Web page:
British engine maker Rolls-Royce announced on Friday that it was slashing its earnings forecasts partly as result of Western trade sanctions against Russia, sparking a collapse in its share price.
Rolls said underlying profit in 2015 would be flat at best compared with 2014 but could fall by as much as three percent. The company had previously predicted earnings would grow next year.
"In the last few months economic, conditions have deteriorated and Russian trade sanctions have tightened, leading a number of customers to delay or cancel orders particularly in our Nuclear & Energy and Power Systems businesses," said Rolls.
"At the same time we have made good progress on cost, which has limited the impact of these adverse trading conditions on the group," it added in a trading update.
The West has imposed a series of economic sanctions against Moscow over its role in the Ukraine crisis, cutting Russia's access to Western money markets and forcing its biggest state companies to appeal for massive financial assistance.
Rolls, meanwhile, said that next year would be worse than expected for the group after it was forced to change its guidance on underlying revenues for 2014. It now sees revenue at 3.5-4.5 percent lower than last year, rather than flat.
In reaction, Rolls-Royce slumped to the bottom of London's benchmark FTSE 100 index, as its share price tumbled 11.54 percent to close at 832 pence.
The FTSE meanwhile finished 1.85 percent higher at 6,310.29 points, amid easing worries over the economic outlook in the eurozone.
"Rolls Royce is very much at the foot of the index ... after news that it doesn't expect to see a return to growth next year, despite earlier claims to the contrary," said Tony Cross, market analyst at traders Trustnet Direct.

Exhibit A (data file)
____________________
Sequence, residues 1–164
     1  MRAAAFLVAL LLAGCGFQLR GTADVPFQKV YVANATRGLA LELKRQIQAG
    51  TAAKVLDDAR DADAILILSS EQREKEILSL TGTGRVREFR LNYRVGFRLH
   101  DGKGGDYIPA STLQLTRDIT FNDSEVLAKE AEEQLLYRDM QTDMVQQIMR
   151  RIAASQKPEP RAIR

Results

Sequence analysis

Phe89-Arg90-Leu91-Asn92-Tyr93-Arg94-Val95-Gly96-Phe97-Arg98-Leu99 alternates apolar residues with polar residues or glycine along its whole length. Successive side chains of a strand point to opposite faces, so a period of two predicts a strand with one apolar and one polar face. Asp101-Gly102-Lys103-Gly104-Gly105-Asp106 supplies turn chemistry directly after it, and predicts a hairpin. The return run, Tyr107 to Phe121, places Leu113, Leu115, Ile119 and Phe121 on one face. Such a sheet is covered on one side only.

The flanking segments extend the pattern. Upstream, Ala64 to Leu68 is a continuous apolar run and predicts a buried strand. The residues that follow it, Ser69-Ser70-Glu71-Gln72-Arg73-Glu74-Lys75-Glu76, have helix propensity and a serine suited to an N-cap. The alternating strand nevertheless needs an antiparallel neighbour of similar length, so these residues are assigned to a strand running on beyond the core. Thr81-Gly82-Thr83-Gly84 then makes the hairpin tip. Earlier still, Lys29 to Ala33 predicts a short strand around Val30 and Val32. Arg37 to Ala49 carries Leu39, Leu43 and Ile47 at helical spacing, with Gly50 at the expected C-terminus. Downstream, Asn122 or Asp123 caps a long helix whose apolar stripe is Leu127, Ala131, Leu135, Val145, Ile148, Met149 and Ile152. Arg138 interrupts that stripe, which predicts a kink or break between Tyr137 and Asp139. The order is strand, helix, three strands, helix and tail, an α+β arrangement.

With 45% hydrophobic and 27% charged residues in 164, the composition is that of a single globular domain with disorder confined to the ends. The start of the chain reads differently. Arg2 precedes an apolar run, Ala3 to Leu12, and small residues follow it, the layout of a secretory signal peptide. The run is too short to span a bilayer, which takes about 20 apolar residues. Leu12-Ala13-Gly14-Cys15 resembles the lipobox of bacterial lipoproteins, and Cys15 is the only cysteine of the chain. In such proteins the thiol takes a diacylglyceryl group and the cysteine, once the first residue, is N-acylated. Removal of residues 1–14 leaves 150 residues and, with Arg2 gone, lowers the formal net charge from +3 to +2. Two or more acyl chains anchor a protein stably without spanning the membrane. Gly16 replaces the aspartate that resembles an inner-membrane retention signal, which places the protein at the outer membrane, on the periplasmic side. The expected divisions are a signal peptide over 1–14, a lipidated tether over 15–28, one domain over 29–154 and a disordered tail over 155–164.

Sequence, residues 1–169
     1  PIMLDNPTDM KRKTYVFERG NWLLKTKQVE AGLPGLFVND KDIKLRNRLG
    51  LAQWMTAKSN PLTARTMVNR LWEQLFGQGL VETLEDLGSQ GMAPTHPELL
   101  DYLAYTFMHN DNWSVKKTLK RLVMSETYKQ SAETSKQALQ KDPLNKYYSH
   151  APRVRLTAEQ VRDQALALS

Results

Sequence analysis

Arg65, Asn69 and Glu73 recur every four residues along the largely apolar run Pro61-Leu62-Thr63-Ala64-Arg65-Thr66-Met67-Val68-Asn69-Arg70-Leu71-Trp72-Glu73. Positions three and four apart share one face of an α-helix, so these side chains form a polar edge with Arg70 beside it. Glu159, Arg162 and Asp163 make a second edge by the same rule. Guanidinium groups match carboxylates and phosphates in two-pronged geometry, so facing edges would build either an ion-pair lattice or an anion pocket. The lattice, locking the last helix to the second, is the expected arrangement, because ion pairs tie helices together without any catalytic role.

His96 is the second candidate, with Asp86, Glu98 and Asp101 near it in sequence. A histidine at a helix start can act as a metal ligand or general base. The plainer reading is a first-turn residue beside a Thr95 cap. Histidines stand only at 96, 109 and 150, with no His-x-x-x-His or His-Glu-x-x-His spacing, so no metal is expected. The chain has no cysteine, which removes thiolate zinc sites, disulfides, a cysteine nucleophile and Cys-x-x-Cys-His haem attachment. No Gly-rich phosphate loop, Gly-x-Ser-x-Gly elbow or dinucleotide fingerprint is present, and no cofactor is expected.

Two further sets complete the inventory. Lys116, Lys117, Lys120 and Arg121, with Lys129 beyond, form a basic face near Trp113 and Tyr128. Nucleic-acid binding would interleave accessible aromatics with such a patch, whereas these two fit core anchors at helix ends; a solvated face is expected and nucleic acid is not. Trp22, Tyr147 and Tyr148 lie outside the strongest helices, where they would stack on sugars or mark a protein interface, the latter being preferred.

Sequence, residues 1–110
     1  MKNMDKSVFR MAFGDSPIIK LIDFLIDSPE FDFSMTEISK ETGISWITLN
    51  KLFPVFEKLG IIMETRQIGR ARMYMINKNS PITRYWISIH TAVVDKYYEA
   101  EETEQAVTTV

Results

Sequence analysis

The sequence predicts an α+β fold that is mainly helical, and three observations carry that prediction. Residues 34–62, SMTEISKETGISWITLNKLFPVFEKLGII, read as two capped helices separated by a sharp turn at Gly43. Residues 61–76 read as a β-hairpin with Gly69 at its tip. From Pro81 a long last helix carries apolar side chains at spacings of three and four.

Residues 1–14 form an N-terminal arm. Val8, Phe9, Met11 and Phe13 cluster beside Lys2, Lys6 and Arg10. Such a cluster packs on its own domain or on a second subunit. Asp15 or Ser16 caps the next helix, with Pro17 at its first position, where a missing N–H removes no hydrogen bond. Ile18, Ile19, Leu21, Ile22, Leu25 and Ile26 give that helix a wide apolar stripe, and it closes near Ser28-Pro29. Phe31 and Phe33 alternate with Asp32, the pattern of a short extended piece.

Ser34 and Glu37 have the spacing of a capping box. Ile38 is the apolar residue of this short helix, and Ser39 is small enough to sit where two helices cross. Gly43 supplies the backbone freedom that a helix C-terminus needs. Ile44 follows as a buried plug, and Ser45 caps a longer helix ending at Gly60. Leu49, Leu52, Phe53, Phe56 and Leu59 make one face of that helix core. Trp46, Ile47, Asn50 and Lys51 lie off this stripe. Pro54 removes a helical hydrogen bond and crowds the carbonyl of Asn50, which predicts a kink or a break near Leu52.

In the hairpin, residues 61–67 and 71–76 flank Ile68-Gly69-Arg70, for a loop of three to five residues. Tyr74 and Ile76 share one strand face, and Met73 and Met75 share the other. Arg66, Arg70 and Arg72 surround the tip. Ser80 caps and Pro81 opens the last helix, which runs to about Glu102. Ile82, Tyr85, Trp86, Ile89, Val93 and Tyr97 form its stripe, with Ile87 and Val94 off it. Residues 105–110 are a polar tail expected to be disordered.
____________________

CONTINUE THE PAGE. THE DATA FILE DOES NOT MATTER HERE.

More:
In May, Rolls-Royce shocked investors when it issued a profit warning at its marine division, which has been beset by production problems, and had forecast flat earnings for 2014.
Rolls added on Friday that it was maintaining that forecast as it keeps a control on costs.
The group has also been hit hard by adverse foreign exchange movements.
"Weakness due to FX (foreign exchange) exposure hitting profit margins, sanctions in Russia and the general civil aviation slowdown has led them to cut guidance," said Atif Latif, director of trading at Guardian Stockbokers.
"This is a common theme across many companies and Rolls-Royce has somewhat been affected negatively by things out (of) their control."
On the upside, Rolls said it is benefiting from demand for its fuel-efficient Trent aircraft engines.
"While the short-term is clearly challenging, reflecting the economic environment, the prospects for the group remain strong, driven by the growing global requirement for cleaner, better power," added chief executive John Rishton in Friday's statement.
Earlier this year, Rolls outlined plans to return £1.0 billion ($1.6 billion, 1.26 billion euros) to investors via a share buyback after the sale of its energy production arm to Germany's Siemens.